[Movie Review] Akira: A Slap of Reality

Director:       A.R. Murgadoss
Writer:          A.R. Murgadoss
Cast:               Sonakshi Sinha, Konkana Sen Sharma, Anurag Kashyap

As much as Sonakshi Sinha has too many people who think she cannot act or perform in films, Akira was more of a breakthrough in her career. It’s not a feminist film as the trailer directed the viewers towards thinking so. However, it certainly is one of the best films directed by Mr. Murgadoss after Ghajini, Jai Ho, and a repertoire of Tamil and Telugu films, Akira represent or rather reports the levels of corruption in the different aspects of the society.

Akira not only shows a very different perspective of individuals in the society who try to identify the loopholes in the governance of the country but also work towards making things right. The film deals with various social issues in the society, right from acid attacks and the other every day violence against women to the levels of degeneration in the political and legal population of the country. The four main female protagonists chosen in the film are the ones that are marginalized from the Indian population and society on various aspects in reality. A girl who has brilliant self defence skills with a criminal record and fighting abilities that usually boys acquire to impress women; a mentally ill transgender who has better rationalizing skills than most of us; an abused sex worker who fights against crime; and a pregnant police officer who symbolizes justice and truth; four women in the film who are unlikely to make a change in the society, go ahead and do make one as shown in the film. That’s something that was brilliantly written and performed by the actors.
akiraOn the other hand, the professions that are looked up to in the society like, a police officer, a priest, the Commissioner of Police, a patriarchal daughter-in-law and a psychiatrist have been shown as villainous in the film which not only breaks the ridiculous stereotypes regarding these professions and how men are superior in patriarchal communities, but also shows the audience a brand new perspective on how the society actually functions. The first half of the film was intriguing and certainly left everyone at the edge of their seats, waiting impetuously for what would happen in the second half.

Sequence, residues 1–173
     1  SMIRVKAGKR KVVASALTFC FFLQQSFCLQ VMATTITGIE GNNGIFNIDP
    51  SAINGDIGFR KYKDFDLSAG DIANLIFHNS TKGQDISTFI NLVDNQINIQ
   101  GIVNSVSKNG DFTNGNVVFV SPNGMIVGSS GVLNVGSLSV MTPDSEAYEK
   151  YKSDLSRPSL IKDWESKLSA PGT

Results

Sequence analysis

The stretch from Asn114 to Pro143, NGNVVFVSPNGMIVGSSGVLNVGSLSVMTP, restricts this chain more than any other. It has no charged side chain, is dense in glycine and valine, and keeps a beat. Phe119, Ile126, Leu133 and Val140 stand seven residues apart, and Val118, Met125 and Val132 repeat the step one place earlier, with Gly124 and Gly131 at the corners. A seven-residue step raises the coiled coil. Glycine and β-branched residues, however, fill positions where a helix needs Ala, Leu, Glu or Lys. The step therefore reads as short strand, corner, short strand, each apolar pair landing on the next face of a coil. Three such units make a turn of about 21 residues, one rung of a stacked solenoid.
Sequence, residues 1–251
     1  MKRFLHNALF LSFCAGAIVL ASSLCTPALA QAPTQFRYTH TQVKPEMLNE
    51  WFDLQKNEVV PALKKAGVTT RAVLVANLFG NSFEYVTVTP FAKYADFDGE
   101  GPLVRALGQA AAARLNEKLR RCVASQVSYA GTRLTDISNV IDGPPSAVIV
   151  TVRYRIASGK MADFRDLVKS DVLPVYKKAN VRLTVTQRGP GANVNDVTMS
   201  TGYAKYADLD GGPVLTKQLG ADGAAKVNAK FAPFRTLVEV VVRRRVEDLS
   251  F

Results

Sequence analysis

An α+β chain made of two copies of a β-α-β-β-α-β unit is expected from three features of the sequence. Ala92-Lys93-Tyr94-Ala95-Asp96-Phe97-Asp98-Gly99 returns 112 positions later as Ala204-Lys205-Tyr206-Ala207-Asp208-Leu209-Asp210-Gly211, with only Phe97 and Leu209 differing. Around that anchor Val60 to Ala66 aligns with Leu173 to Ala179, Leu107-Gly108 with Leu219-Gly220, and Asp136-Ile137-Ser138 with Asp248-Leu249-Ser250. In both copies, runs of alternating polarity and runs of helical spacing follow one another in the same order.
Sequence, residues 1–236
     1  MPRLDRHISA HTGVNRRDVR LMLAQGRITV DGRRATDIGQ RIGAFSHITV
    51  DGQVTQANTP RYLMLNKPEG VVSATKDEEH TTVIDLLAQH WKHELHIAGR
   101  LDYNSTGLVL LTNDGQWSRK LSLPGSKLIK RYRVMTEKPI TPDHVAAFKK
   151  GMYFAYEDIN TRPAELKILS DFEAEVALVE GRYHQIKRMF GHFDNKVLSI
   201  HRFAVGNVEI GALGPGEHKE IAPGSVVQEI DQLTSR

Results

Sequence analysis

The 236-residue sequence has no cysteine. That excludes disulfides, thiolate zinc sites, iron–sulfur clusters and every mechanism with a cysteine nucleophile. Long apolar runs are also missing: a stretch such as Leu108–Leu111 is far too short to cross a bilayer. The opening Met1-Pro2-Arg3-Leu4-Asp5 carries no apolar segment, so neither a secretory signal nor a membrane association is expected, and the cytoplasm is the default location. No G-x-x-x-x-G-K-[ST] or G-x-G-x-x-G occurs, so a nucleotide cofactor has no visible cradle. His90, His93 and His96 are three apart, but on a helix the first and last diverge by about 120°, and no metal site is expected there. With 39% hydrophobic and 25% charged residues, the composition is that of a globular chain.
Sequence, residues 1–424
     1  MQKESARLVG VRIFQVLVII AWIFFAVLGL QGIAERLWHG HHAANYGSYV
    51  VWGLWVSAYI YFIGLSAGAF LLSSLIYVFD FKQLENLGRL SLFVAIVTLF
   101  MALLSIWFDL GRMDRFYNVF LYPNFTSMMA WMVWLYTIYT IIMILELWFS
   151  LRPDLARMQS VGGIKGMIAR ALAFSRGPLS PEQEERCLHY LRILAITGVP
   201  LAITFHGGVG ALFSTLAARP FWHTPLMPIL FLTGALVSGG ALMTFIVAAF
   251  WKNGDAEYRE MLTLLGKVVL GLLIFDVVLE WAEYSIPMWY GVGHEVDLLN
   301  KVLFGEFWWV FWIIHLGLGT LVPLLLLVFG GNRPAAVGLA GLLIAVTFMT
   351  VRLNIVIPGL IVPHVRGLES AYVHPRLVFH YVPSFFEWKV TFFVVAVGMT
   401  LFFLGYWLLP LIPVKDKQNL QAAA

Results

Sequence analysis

However, as in the trailer, the film portrayed a woman’s self defence abilities like in Mardaani where it’s a woman’s fight against male chauvinism and patriarchy. But to our surprise, Akira was much more than a fight against male dominance and justice. The second half of the film is a little stretchy but the climax is twisting and certainly unpredictable. Just when the audience is expecting the film to end with good and justice, it’s right then when reality strikes in and Murgadoss explains the point of the whole film in a gist where a woman, no matter how strong or influential is always either forced or is willing to sacrifice herself for her environment.

Unfortunately, the ticket seemed to be only Rs. 160 in Inox which in itself remarks a lot about our society. Films like ‘Prem Ratan Dhan Payo’, ‘Happy New Year’, ‘Housefull 3’ and other ridiculously pointless and nonsensical films that make 100 crores in a weekend also declares the amount of debris and waste that fills the brains and minds of the audience which allows them to enjoy this garbage every day. So why don’t we have more films like ‘Mardaani’ or ‘Lajja’ or ‘Gulaab Gang’ despite having the best actors in the Hindi Film Fraternity? It’s probably because films still continue to remain an escape from reality only for the men I suppose. Akira was a brilliantly written and executed film with the performance of the actors, cinematographers, writers and the director and it isn’t just a one-time watch film. The film is best enjoyed with family and parents especially who must be educated about the position of women and other marginalized citizens in the society. Regardless, so would you go watch Akira and rate it good or would you still stick to rubbish films containing comic porn or irrelevant family drama?

Sonia David is an aspiring Counselling Psychologist pursing her post graduation in Psychology. She is a writer with a pinch of sarcasm and wit who loves writing about social and feminist issue. The ignorance and the insensitive attitude of people towards these issues motivate her and fire her up to act against the same, so she is passionate about writing. She has met many people, heard several stories and is a storyteller through her writing skills. She is also a Zentangle Artist as she finds it relaxing and soothing. She also loves travelling and someday she wishes to travel all around the country and help be a change in shifting the patriarchal mentality.